- In the last argument, I skipped over his third observation about himself and went straight to his fourth. The third thing he said about himself was that "he had great difficulty with feeling". Once again, some people (hmm, what a coincidence that they happen to be INTPs...) take this as evidence that he was a Ti-dom (Fe-inferior). But, if you look at that claim with a critical eye, how can it be strongly defended?!? All it's directly saying is that "he had great difficulty with feeling". From that, you cannot accurately infer what function his Feeling function was, and in what position it would be correctly placed. You can't. And anyone trying to say that you can is full of shit. And, just to show the absurdity of the people who try to claim from this video that Jung is definitely an INTP, consider the fact that the reasoning they use for why he is a Ti-dom is that: 1) he was an introvert; and 2) that he mentioned that he was "characterized by thinking" before he mentions any other functions. In other words, because he mentioned Thinking first, they claim that this means he was saying he was a dominant Thinker. Now here's where their idiocy reveals itself: but then, when it comes to his Feeling function, they say that he is referring to inferior Fe, even though Feeling is the third function he mentions! By their same logic as to why this video shows that Jung is a Ti-dom, it would show that he is a tertiary Feeler! There goes the notion that INTPs are masters of consistency!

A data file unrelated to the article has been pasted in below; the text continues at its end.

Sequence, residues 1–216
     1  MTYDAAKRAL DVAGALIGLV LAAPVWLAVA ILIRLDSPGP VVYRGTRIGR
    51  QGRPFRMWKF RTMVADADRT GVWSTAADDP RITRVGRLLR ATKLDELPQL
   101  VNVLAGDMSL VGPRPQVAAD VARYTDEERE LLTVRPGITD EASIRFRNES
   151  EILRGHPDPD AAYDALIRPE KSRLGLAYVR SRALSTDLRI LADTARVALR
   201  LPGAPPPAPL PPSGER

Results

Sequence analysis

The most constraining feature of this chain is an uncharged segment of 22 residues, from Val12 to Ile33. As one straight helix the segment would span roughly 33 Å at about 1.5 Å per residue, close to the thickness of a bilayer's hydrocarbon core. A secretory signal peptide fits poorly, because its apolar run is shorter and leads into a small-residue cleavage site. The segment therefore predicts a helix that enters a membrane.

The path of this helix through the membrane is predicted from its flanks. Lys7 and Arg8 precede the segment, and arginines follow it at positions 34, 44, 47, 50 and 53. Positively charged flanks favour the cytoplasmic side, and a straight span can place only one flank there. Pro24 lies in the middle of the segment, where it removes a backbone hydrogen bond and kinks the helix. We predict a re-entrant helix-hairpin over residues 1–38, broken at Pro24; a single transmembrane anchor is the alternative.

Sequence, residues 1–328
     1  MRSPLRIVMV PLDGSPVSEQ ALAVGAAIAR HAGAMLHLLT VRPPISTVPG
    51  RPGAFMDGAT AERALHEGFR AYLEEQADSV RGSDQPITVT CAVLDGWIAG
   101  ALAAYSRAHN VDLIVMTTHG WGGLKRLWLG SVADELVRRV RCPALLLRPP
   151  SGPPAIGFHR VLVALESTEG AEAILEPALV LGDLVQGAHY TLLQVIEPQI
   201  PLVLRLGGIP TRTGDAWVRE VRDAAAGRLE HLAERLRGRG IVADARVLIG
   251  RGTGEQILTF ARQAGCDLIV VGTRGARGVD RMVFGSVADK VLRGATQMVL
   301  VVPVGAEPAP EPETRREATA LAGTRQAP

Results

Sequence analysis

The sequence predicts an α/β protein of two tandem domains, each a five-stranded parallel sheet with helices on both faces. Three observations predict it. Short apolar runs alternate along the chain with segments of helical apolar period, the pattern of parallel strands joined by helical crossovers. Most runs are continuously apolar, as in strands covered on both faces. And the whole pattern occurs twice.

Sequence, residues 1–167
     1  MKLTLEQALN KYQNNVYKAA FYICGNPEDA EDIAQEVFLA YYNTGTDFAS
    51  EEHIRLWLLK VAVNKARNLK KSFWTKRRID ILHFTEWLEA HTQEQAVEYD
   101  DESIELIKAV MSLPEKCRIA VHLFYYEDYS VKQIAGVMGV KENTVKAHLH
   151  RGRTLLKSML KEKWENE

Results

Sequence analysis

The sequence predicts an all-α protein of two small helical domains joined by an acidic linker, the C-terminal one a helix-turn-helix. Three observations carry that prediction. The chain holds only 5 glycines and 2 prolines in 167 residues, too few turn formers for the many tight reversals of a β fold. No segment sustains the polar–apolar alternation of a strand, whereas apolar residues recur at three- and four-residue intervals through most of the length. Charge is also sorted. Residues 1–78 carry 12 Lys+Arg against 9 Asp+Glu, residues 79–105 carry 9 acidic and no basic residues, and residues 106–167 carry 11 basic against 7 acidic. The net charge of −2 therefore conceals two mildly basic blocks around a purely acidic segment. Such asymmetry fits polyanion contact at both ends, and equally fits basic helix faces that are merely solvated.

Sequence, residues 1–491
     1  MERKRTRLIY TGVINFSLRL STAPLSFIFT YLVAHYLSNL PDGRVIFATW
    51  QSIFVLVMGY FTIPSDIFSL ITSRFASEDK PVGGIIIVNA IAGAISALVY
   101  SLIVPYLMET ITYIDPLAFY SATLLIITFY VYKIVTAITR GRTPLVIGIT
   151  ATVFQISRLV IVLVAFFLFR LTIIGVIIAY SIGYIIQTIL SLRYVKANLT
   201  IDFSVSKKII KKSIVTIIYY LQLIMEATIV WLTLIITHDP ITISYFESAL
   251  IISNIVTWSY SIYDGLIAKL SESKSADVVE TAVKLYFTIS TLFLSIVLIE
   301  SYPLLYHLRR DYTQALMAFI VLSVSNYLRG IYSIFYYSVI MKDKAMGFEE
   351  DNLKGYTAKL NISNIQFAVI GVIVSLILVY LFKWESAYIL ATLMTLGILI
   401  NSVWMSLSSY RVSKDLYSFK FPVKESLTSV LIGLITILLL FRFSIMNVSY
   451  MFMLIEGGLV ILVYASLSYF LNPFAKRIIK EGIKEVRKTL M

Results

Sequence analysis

In summary, to use this one video as evidence that Jung is an INTP is absurd; such a conclusion can only be reached if one takes great liberties with what can properly be inferred from it.
Perhaps little should it surprise us that the people who most readily and most often taken such liberties over the meaning of this video are INTPs trying to claim that Jung was in fact an INTP. What is most troublesome about this is the fact that these same INTPs, who would usually pride themselves on being extremely rigorous and analytical in nature, seem to completely let go of their usual critical nature when examining this video, choosing instead to stoop to a level normally beneath themselves, apparently to try to prop themselves up by showing that they are of the same type as a man they greatly revere and admire. So quickly they seem to let go of one of their supposed strengths (objectivity) for the shallow satisfaction of "proving" some sort of type-allegiance with one they greatly respect.